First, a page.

The addition of aluminum powder (Mix 2) was used as an alternative method of foaming the geopolymer. The foaming agent was introduced as the last component of the geopolymer mix before the spraying process itself. Aluminum powder is a foaming agent that reacts more slowly than hydrogen peroxide. The addition of aluminum slightly changed the consistency, making the geopolymer slightly denser. Using the high working pressure range of the spray gun, once the geopolymer foam was applied to the surfaces, the foamed structure was destroyed (Table 6). Furthermore, the applied layer was characterized by a lumpy, heterogeneous texture. The application process of Mix 2, using the medium pressure range of the spray gun, produced a less satisfactory result than the other application attempts. Although foaming only occurred on half of the surfaces, it can be concluded that the process occurred after the material was applied with the air gun. In addition, the applied surface that was foamed showed good bonding properties to the base surface, i.e., it did not run off the vertical wall. The obtained results led the authors to consider other possible options for applying geopolymer coatings using an air gun. The research carried out at this stage aimed to determine the feasibility of using readily available methods to produce the foamed layers, which would facilitate applications in the construction industry. Knowing that aluminum causes delayed foaming [43], tests were carried out using an aluminum layer as a primer (Figure 3).
A geopolymer base without foaming agents was then sprayed onto the film. The layer was still relatively thin, but it was possible to achieve a foaming effect after spraying, as shown in Figure 4.
The produced layer did not meet expectations, as cracks appeared after the layer dried. Therefore, as part of this research, it was decided to use the manual method of applying the layer. The manual technique allows for the application of a denser geopolymer, which reduces the number of cycles required. The proportions of the ingredients were the same as before (Mix 2). The addition of aluminum powder was 1 g, which did not cause excessive brittleness and was evenly distributed during the mixing process. This was the only test that was entirely successful, giving a foam layer that was still completely free of cracks and brittleness after 24 h. The resulting layer was subjected to thermal conductivity tests. The test results are presented in Table 7. Due to the application of the layer on a cardboard substrate, a thermal conductivity test was conducted on both the cardboard and the layer applied to the cardboard.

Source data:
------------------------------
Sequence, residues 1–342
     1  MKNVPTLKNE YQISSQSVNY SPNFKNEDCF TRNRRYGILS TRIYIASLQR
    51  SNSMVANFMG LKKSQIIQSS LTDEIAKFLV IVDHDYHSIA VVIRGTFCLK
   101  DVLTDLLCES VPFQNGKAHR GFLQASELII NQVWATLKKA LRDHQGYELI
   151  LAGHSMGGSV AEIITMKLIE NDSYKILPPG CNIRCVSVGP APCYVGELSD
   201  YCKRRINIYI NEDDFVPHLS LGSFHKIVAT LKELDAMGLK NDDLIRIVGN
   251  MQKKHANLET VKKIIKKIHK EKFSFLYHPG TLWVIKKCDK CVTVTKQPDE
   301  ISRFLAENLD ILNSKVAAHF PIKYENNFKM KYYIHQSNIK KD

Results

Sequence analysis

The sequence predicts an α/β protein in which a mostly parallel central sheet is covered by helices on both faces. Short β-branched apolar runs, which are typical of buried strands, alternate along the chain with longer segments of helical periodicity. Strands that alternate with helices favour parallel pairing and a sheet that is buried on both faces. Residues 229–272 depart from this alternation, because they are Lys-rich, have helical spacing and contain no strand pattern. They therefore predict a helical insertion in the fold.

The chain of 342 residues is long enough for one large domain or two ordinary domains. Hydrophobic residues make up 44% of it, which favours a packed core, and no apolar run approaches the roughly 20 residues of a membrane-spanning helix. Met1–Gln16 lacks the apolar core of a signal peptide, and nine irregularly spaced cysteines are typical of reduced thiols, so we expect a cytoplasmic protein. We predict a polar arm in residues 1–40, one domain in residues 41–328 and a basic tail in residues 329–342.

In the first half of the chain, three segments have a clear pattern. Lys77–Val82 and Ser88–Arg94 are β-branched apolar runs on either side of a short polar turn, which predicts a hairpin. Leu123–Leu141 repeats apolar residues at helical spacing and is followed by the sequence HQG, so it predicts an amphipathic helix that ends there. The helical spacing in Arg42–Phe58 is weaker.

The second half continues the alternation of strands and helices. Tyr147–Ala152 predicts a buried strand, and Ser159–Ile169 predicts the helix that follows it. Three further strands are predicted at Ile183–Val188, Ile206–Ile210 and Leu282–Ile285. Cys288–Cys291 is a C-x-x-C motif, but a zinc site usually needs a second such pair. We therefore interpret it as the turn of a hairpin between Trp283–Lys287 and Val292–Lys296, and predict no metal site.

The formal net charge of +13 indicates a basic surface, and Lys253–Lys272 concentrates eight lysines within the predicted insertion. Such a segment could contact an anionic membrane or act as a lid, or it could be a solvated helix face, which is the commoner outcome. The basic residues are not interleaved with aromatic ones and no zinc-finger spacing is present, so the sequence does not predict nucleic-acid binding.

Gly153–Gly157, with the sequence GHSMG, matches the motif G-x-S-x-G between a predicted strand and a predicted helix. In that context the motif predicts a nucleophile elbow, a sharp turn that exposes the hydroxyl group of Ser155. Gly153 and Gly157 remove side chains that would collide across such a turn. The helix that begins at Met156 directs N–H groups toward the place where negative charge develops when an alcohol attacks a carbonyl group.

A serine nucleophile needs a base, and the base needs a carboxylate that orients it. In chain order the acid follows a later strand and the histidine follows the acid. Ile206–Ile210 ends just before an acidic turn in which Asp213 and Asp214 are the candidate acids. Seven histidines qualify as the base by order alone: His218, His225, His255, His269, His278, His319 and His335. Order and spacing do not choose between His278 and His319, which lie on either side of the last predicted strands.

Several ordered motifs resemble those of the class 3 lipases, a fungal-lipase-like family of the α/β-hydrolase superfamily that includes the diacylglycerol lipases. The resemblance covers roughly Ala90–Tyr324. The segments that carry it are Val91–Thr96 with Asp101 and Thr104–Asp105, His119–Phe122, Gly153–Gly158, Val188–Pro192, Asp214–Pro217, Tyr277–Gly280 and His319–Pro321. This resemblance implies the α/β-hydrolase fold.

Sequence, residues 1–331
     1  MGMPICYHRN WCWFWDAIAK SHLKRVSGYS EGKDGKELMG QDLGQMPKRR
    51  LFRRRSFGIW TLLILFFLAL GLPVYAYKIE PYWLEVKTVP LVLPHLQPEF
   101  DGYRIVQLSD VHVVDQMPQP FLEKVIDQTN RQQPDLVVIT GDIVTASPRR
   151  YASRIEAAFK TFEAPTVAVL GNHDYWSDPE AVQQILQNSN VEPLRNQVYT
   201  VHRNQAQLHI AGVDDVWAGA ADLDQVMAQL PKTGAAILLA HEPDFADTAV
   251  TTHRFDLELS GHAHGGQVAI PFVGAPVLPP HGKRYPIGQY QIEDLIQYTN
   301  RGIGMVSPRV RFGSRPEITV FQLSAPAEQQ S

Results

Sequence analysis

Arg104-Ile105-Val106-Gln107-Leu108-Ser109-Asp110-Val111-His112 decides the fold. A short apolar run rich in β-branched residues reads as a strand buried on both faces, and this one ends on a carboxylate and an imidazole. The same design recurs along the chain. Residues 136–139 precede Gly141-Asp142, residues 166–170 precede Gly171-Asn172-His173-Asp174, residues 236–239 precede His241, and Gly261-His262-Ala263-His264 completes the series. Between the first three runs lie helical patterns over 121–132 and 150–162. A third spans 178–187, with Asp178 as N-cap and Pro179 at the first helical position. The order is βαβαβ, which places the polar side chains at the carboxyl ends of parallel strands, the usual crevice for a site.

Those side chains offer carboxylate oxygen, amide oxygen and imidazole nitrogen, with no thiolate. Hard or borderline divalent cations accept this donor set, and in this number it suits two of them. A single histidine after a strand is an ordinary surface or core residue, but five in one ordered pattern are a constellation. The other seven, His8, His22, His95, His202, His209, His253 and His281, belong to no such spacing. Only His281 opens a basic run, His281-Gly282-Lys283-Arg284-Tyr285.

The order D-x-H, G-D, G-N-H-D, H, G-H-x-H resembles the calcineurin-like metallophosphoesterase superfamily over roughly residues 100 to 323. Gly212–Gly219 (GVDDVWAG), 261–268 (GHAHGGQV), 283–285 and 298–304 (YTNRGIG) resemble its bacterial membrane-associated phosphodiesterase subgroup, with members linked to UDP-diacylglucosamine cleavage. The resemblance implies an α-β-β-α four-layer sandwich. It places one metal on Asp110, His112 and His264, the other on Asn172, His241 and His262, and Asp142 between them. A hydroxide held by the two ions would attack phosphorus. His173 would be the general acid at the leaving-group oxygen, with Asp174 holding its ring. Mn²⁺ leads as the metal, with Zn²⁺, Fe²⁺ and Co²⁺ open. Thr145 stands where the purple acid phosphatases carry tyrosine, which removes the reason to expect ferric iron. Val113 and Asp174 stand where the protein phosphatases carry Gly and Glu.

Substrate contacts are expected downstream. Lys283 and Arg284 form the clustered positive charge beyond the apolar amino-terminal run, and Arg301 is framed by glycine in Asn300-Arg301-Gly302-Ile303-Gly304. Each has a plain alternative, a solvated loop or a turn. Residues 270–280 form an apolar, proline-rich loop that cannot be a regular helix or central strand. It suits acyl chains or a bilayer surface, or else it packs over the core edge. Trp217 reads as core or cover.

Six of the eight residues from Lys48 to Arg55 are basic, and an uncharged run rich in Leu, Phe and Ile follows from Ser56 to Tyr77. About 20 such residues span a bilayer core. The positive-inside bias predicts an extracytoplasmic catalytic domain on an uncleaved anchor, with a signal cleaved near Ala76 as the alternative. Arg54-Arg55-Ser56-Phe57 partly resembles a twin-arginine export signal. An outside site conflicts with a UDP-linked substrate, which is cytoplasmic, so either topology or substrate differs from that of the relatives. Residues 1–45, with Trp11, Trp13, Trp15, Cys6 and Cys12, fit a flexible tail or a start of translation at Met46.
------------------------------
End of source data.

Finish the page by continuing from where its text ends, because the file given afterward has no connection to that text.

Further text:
Thermal conductivity tests showed that the foamed material applied to the pad had a thermal conductivity of 0.155 (W/(m × K)).
Porosity plays a critical role in the conductivity of materials. The greater the number of pores in materials, the higher the amount of enclosed air in the structure. This relation causes lower thermal conductivity. Research on geopolymeric materials foamed with aluminum powder or hydrogen peroxide showed that the conductivity of this type of material ranges from 0.07 to 0.22 (W/(m × K)) [44,45,46,47]. The obtained results were within this given range, but it should be emphasized that the produced layer was very thin, and the test results indicate the potential of this type of application.
The results presented here show that the air spraying method of geopolymers using a cup gun is potentially applicable. However, the focus should be on the selection of a suitable mixture of foamed geopolymer and additives to stabilize the foaming process after the layer is applied to the substrate. In this paper, basic blends of foamed geopolymers were presented, without any hydraulic additives or stabilizers that could affect the foaming and setting of the geopolymer. The problem of the application of foamed geopolymers is very important, as the development of an application method for such material would allow the industrial use of geopolymers as insulation materials. Currently, it is only possible to produce these materials in molds.
The authors decided to carry out tests on foamed geopolymers obtained by using the mold casting method, the material composition of which was the same as that of the geopolymers applied by spraying (Mix 1 and Mix 2). The performance of the foaming process obtained by casting the foamed geopolymer masses into molds was significantly better than that of the spraying method. The thermal conductivity values of the foamed geopolymers (Mix 1 and Mix 2) cured in the mold are shown in Table 8.